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Kajiado farmer counts losses as leopard mauls 15 sheep

A farmer in Olorien village, Kajiado County is counting loses after an unknown number of leopards broke into his homestead and killed 15 sheep Saturday.
The wild animals attacked and killed all the 15 sheep at 3 am after breaking into their pen as the owner, Julius Kinayia and his wife slept.
Kinaiya said the death of the sheep has left the family devastated because they had planned to sell them off and raise the money to buy a grade cow for milk.
He said he learned of the attack after going out to check on his sheep at 4 am, adding that he found some of them breathing faintly.
“I knew they had been attacked by a leopard after I noticed that most of them had their necks broken with deep canine holes which are an indication that blood was sucked from them. Leopards were spotted here sometime back and they must have strayed from the park,” said Kinayia.
Kenya Wildlife Services officer in charge of Kajiado West Sub County, Daniel Kirui confirmed the incidence noting human/wildlife conflicts are on the rise due to the prolonged drought season.
Kirui advised farmers who border with Nairobi National Park to enhance the security of their livestock by putting up strong fences.
“These cases are increasing by the day and we are actually advising residents to take extra precaution in ensuring the safety of their livestock. I know it is a bitter experience for a farmer to lose that number of sheep,” said Kirui.
Kajiado KWS County Director, Muteru Njauini said the increase in human-wildlife conflicts is a major problem in wildlife areas.
“This arises due to, among other reasons, acute water shortage, and inadequate pasture during dry seasons. These severely affect wildlife, livestock, and humans. As competition for the available resources ensues therefore, rising levels of such cases are experienced,” said Njauini.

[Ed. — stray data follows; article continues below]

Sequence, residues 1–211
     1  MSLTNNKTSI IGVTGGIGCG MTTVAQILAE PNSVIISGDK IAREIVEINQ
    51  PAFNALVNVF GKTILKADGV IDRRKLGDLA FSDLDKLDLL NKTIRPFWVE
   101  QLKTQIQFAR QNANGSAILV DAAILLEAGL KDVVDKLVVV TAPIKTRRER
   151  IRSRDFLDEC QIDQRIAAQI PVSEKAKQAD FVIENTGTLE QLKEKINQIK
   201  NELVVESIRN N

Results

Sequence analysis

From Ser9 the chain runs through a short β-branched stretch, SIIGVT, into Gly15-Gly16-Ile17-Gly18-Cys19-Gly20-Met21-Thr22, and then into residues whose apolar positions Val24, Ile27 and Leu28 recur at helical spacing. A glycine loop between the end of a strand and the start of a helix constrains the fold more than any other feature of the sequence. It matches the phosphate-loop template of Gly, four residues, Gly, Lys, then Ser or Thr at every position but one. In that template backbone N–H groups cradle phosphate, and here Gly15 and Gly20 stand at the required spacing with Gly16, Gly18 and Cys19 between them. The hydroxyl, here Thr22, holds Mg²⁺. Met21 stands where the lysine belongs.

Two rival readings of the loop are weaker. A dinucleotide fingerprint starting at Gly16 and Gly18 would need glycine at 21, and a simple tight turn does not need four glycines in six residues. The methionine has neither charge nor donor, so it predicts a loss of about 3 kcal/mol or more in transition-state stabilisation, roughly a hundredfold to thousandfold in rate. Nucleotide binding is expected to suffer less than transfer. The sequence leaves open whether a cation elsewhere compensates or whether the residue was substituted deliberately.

While KWS insists that increased cases of conflicts have been the root causes in climate variability and change, as well as the extension of human activities in areas originally preserved for wildlife, the government is yet to release compensation money for farmers.
Land-use changes and the consequences of population pressure have also led to decreases in land and other resources available for wildlife, thus aggregating cases of conflicts.
“These conflicts are a significant threat to ecosystem variability in general, and to large mammal populations in particular,” added Njauuini.
He said mitigation measures are being rolled out with the aim of reducing conflicts. Njauuini cited the example of live animal translocations which have been carried out in many places to ease pressure on ecosystems in some areas.
A source at the KWS headquarters, and who sought anonymity, said no compensation has been made across the country from 2015 due to lack of legal framework.
He said farmers are owed more than Sh900 million in compensations on damaged property across the country, and that the amount is going up every other day.
At present, the source said, compensation relating to human/wildlife conflicts is paid out by the government. The assessment, rates, and payment of claims is determined by the County Wildlife Compensation Committees.
On the ground, however, those committees are not functional because, according to KWS, the Treasury has not released funds for compensation and paying those sitting in county wildlife compensation committees.
At the moment, KWS says, the compensation paid out only relates to human injury or death. It does not include the destruction of crops, livestock and property.
By Rop Janet

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